Feb 21, 2013 at 17:11
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    $\begingroup$ You might want to change your question title to : Are there animals that can do photosynthesis? The term "race" doesn't have much meaning in biology. $\endgroup$
    – Poshpaws
    Feb 21, 2013 at 20:36
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    $\begingroup$ More a comment rather than an answer, but there is some evidence of both natural and artificial transfer of genetic material between plants and animals - if you google "plant genes in humans" you will come up with some fascinating results. I don't have authority to make comments yet. $\endgroup$ Feb 27, 2013 at 17:26
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    $\begingroup$ first search for "list of photosynthetic animals" ...Sea Slug - Elysia chlorotica. ... Spotted Salamander - Ambystoma maculatum.... Oriental Hornet - Vespa orientalis.... Pea Aphid - Acyrthosiphon pisum.... and corals also $\endgroup$ Dec 24, 2019 at 22:25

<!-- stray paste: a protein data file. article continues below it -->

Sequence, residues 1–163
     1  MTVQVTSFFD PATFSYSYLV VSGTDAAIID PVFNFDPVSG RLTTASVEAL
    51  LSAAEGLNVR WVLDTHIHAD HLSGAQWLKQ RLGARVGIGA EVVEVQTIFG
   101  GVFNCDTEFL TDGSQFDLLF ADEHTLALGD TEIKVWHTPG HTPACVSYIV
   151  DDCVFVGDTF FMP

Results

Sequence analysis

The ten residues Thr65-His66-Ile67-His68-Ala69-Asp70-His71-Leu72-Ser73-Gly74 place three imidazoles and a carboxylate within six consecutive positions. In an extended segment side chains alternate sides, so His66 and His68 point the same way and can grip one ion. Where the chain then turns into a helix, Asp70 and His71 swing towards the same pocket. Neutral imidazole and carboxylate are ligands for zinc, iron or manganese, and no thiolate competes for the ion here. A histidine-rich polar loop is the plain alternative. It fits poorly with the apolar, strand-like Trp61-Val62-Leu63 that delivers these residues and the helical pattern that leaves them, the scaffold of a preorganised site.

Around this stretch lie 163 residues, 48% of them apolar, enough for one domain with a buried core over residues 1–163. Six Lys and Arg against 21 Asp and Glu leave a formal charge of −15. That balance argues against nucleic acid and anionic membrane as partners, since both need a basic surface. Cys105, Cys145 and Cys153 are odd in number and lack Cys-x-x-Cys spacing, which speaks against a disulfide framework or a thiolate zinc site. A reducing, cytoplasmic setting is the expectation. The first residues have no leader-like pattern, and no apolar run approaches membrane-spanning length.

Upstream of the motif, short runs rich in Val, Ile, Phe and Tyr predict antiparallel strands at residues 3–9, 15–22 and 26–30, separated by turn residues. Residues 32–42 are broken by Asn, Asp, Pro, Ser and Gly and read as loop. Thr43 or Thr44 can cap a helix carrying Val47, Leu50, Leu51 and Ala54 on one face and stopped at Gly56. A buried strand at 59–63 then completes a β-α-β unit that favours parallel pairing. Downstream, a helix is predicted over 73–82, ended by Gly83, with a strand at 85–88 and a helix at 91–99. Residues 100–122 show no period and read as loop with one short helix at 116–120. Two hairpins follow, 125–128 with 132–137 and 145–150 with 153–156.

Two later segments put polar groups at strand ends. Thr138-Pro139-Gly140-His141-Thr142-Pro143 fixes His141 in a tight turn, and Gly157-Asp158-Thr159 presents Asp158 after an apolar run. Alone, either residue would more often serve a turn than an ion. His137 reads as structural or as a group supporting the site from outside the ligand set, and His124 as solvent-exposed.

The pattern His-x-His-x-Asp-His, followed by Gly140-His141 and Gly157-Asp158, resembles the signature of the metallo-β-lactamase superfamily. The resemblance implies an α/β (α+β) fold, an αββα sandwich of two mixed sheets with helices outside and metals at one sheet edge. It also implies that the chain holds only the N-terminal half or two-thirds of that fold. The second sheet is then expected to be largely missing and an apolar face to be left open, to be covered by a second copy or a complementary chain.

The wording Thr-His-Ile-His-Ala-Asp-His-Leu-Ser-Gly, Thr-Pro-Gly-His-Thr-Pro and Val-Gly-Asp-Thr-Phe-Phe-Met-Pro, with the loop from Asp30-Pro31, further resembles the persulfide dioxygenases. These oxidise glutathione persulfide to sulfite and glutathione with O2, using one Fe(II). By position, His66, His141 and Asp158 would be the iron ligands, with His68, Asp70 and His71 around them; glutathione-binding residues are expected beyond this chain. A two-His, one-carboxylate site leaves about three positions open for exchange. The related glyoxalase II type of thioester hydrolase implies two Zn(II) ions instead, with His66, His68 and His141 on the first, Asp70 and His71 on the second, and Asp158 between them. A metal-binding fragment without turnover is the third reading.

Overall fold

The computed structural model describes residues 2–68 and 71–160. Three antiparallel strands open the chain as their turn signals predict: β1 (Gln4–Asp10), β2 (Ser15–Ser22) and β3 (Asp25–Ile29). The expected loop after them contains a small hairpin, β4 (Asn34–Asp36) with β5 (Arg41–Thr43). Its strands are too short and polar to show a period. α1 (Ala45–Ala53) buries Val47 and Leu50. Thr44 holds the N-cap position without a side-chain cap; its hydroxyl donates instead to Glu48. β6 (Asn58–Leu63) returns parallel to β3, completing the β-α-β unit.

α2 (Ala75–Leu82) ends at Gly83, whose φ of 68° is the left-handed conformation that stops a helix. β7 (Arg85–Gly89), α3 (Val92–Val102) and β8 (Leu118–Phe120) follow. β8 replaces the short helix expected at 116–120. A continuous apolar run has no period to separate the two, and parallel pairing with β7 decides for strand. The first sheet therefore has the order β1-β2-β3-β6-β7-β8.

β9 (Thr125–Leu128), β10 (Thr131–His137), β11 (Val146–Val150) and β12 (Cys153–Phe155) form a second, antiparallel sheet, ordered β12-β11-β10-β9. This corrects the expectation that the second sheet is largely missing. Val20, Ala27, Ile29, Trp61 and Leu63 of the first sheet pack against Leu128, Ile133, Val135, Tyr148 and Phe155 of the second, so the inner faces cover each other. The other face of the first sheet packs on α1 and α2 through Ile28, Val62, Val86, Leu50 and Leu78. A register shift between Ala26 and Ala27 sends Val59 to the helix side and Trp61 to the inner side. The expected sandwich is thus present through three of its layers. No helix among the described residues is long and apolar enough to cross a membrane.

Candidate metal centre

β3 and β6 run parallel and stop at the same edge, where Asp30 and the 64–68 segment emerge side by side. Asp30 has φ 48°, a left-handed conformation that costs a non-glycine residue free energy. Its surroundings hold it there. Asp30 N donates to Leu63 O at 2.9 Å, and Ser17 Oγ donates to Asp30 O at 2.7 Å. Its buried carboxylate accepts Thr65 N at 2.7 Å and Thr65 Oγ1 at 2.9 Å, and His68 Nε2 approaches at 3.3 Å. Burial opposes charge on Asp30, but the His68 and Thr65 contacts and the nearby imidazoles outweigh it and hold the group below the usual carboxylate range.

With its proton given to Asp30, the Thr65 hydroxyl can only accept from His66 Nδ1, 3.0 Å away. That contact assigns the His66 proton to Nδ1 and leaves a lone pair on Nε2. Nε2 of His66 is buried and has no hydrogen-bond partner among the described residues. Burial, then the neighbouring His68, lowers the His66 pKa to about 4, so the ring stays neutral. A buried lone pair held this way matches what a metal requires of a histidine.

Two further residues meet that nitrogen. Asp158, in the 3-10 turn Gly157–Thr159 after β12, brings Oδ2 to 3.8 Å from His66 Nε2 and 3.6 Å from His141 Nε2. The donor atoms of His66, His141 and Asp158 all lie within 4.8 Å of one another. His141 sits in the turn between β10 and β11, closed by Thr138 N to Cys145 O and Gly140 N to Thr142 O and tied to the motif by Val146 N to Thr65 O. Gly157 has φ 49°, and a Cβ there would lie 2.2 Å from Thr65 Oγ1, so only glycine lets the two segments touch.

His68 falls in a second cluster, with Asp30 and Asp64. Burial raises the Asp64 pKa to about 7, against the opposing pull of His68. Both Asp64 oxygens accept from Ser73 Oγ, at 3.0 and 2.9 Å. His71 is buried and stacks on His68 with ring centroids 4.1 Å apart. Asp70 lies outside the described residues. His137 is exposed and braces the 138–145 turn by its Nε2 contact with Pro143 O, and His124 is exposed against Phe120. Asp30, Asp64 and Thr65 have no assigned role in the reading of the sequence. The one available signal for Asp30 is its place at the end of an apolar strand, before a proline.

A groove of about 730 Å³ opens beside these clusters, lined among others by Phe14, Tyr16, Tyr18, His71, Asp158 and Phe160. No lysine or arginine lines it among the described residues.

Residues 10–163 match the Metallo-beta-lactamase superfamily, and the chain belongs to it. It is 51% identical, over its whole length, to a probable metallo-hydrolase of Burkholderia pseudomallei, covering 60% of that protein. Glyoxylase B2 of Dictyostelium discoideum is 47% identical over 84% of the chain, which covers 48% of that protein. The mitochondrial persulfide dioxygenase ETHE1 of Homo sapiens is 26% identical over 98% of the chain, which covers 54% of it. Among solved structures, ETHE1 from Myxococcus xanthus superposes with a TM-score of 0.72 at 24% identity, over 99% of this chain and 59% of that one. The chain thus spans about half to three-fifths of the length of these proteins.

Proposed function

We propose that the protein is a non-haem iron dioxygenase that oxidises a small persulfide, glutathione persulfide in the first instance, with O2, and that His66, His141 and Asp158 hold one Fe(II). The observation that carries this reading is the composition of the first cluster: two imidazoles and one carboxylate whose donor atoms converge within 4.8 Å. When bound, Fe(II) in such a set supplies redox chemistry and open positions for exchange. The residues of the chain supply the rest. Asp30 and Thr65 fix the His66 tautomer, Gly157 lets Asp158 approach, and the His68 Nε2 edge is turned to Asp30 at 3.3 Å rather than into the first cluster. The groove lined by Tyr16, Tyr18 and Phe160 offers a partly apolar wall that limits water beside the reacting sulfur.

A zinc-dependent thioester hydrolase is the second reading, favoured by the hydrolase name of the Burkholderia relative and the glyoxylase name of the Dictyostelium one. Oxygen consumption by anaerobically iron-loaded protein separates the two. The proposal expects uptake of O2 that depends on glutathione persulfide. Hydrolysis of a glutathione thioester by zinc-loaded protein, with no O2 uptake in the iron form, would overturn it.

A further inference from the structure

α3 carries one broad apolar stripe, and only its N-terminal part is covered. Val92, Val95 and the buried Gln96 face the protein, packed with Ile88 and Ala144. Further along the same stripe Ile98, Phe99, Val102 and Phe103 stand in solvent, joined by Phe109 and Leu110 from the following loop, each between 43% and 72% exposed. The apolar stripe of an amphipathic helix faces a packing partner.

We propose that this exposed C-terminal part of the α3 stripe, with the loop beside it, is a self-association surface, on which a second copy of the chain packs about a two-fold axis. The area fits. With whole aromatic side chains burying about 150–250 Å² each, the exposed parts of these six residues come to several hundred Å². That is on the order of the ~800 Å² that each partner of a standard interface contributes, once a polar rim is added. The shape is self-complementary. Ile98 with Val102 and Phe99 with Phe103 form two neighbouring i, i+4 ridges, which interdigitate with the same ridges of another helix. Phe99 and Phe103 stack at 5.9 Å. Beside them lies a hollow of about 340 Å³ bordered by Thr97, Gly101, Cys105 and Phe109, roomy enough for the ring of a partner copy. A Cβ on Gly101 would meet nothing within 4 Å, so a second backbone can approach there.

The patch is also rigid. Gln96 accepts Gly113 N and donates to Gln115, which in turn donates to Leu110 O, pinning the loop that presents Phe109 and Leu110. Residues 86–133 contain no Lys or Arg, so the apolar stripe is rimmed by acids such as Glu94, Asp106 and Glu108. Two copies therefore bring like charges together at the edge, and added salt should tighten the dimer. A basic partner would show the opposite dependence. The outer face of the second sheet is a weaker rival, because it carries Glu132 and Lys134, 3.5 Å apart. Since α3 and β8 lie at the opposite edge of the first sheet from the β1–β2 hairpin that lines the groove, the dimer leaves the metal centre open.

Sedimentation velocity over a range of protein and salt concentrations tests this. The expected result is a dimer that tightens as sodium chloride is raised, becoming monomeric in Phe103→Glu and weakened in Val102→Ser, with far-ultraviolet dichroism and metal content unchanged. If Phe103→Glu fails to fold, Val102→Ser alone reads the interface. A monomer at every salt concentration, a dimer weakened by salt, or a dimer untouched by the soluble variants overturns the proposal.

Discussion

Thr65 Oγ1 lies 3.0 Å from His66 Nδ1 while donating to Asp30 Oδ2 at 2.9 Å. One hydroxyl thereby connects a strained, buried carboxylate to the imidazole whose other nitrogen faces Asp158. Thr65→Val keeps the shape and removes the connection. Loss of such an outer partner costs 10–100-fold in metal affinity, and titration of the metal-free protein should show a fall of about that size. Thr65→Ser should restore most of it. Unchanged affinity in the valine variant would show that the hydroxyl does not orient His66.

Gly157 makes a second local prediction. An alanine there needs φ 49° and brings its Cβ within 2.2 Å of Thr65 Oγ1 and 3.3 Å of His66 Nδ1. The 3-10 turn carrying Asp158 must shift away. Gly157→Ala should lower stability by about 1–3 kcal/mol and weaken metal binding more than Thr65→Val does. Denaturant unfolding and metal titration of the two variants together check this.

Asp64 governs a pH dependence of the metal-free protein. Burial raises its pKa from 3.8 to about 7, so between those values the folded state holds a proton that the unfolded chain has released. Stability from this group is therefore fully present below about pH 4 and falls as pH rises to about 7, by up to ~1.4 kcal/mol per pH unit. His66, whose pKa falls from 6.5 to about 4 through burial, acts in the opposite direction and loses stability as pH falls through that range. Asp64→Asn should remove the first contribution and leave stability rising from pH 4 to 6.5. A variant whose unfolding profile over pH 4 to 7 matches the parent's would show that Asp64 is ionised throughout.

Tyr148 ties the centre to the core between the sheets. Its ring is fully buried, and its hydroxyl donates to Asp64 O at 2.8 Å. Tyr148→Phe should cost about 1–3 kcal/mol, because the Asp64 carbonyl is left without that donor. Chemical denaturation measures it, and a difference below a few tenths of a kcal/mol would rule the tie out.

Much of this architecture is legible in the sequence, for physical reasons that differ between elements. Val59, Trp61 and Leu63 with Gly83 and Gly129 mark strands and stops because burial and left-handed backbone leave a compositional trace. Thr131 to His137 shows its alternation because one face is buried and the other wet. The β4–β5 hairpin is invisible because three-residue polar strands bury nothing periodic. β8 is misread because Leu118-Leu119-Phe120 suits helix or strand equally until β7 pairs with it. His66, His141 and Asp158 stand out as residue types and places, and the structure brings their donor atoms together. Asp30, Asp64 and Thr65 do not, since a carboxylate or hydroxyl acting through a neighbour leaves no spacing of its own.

2 Answers 2


There are 5 answers, all "yes" (though the first one is disputable).

  1. First: there exists at least one animal which can produce its own chlorophyll:

    A green sea slug appears to be part animal, part plant. It's the first critter discovered to produce the plant pigment chlorophyll.

    The sea slugs live in salt marshes in New England and Canada. In addition to burglarizing the genes needed to make the green pigment chlorophyll, the slugs also steal tiny cell parts called chloroplasts, which they use to conduct photosynthesis. The chloroplasts use the chlorophyl to convert sunlight into energy, just as plants do, eliminating the need to eat food to gain energy.

    The slug in the article appears to be Elysia chlorotica.

    Elysia chlorotica is one of the "solar-powered sea slugs", utilizing solar energy via chloroplasts from its algal food. It lives in a subcellular endosymbiotic relationship with chloroplasts of the marine heterokont alga Vaucheria litorea.

    UPDATE: As per @Teige's comment, this finding is somewhat disputable.

  2. Second, animals need not produce their own Chlorophyll, and instead symbiotically host organisms that use Photosynthetis - e.g. algae and cyanobacteria. This approach is called Photosynthetic symbioses.